inteligencia aritficial y datos

Algorithms and rights. Privacy and Data Protection Copy

“TikTok fined $15.9 million for misuse of children’s data in Britain”; “Meta fined $1.3 billion for violating EU data privacy rules”; “Italy finds OpenAI violates users’ privacy”….

These and many other news about leaks of personal information, the indiscriminate use of data by technology companies and the advance of AI and its algorithms trained with data; put on the table the need for a reflection on the ethical and legal limits in this field of data protection and privacy.


Privacy and Data Protection – although closely related realities – are recognized as two distinct rights, requiring different legal protection.

In the European Union, human dignity is recognized as an absolute fundamental right. Within this notion of dignity, privacy or the right to a private life, being autonomous, having control of information about oneself play a key role. Privacy is not only an individual right but is also considered as a social value. That is why privacy is recognized as a universal human right – almost every country in the world recognizes it in some way, in its constitution or in other regulations – while data protection does not (at least not yet).

On the other hand, the notion of data protection originates from the right to privacy and has the precise objective of guaranteeing the fair processing (collection, use, storage) of personal data by both the public and private sector of any information relating to an identified or identifiable natural person.

Therefore, privacy and data protection are two rights established in the EU Treaties and in the Charter of Fundamental Rights of the European Union.

The right to privacy, and specifically the right of the individual with respect to the processing of personal data, are of great relevance in today’s digitized world. The right of an individual to control his or her personal data and the processing of such data guarantees personal autonomy and protects the personal sphere.


Considered the fourth industrial revolution, the advance of artificial intelligence is leading to major transformations in fields as diverse as medicine, education and business. However, this progress comes with its share of controversy.

Massive data collection is essential to train AI algorithms and improve their performance. This training practice raises ethical and legal dilemmas about how they should be handled and stored. The indiscriminate collection of data by companies and governments, often without the proper consent of users, generates some mistrust and concern and highlights the urgent need for stricter and more effective data protection regulations.

Finding a balance between data protection and the progress of technology may not be an easy task. As innovation and technological development harnesses the full potential of artificial intelligence, it is necessary to ensure the privacy and security of users in a world that is already so heavily invested in virtual reality.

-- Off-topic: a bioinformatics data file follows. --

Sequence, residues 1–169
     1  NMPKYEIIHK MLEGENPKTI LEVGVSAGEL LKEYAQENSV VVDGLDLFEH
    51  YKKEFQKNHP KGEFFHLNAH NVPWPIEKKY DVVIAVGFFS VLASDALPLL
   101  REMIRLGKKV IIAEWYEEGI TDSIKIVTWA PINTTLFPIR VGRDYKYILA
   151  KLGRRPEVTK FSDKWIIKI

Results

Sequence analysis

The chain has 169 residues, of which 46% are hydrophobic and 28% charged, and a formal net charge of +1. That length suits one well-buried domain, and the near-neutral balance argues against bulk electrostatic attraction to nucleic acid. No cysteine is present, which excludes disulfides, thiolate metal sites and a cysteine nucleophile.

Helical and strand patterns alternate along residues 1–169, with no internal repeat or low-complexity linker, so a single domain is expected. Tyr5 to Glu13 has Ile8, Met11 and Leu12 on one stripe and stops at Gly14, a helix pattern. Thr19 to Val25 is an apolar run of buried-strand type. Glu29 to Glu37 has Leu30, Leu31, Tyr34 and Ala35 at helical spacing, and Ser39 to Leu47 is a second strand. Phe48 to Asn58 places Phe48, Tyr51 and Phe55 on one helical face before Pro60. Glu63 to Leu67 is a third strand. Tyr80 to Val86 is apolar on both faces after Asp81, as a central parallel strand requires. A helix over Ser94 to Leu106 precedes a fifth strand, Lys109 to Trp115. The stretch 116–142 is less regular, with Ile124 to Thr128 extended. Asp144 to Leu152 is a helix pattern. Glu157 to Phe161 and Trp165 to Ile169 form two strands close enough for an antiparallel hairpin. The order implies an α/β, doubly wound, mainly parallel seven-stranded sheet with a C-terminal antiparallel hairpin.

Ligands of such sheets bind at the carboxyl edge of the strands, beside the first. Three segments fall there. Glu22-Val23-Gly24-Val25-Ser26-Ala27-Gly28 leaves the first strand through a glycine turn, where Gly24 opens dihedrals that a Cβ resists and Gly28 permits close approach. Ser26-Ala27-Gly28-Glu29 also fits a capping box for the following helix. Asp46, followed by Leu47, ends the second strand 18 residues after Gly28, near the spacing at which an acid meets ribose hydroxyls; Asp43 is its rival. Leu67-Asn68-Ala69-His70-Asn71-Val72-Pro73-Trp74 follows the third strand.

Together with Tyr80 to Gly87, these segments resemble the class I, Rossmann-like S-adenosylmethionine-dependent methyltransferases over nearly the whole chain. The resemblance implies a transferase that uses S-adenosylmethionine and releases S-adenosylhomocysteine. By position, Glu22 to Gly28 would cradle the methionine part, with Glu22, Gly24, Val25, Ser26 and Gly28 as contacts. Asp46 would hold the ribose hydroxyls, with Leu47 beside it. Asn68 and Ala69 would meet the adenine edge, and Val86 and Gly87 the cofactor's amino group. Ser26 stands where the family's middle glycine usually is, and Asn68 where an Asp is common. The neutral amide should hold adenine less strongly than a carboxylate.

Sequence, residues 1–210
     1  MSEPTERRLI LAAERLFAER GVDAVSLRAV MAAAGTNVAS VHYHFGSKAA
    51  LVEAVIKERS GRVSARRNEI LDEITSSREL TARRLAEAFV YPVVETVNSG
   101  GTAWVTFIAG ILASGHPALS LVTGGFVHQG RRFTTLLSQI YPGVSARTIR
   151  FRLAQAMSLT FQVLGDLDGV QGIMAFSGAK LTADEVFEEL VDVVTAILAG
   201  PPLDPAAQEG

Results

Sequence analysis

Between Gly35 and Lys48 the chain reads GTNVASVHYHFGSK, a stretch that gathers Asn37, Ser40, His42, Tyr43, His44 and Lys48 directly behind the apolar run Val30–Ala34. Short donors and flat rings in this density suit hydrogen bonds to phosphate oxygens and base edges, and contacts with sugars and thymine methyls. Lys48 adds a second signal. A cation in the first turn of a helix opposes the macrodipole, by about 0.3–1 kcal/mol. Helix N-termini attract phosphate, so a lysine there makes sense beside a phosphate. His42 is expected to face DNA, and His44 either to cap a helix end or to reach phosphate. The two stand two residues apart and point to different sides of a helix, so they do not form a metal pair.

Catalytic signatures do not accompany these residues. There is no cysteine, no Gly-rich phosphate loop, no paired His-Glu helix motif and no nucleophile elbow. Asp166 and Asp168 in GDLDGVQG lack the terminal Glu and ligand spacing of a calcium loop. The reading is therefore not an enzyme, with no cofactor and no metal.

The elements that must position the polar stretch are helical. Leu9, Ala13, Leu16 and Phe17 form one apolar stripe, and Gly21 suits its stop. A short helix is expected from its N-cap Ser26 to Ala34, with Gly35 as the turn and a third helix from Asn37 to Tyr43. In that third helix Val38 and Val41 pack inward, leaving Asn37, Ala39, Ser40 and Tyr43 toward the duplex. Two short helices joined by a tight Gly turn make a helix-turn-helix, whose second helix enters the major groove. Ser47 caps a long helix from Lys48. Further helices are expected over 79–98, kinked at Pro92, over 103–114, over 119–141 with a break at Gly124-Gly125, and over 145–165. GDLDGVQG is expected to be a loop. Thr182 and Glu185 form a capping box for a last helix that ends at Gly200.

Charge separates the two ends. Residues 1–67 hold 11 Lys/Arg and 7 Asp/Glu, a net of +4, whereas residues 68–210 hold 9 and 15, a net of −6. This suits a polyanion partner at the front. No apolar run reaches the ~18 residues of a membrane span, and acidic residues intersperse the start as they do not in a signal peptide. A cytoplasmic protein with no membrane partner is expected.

It is crucial – in this regard – that governments, companies and society as a whole work to develop effective ethical and legal frameworks that protect the rights of individuals without having to put the brakes on responsible innovation. Laws and policies that promote transparency, accountability and informed consent in the handling of personal data are needed.

Large technology corporations that handle massive amounts of personal information must be ethically responsible and transparent in the use they make of this data; previously requesting the user’s clear consent through a conscious action and being able to know the processing, use and storage of their data. It is essential to be aware that without consent, there should be no processing.

Ultimately, the debate on data protection, the digital age and artificial intelligence is a reflection of the ethical and social challenges we face in the 21st century, a century marked by a digital and technological reality, a virtual reality so real that it may come to know us better than our own family.

Therefore, it is necessary to address these challenges with responsibility and a vision of the future, always seeking a balance between technological progress and respect for the fundamental rights of individuals.


At Human AI we have developed a code of ethical conduct to which Human AI clients adhere in order to access our services. This code establishes the legal and ethical responsibilities associated with the use of the data obtained when using Human AI. Our code of conduct reflects the guidelines of the American Psychological Association, the recommendation of the Beijing Consensus on Artificial Intelligence and Education, the ethical principles of the Digital Bill of Rights and the Commission on Evidence of the Higher Council of Psychology.

At Human AI:

  1. All persons whose texts are analyzed are anonymized with a code.
  2. Personal identification data is never used, only the code assigned to each person, not even in the final report.
  3. The text that is entered and analyzed by the AI has no identifying data (surname, place of residence, etc.).

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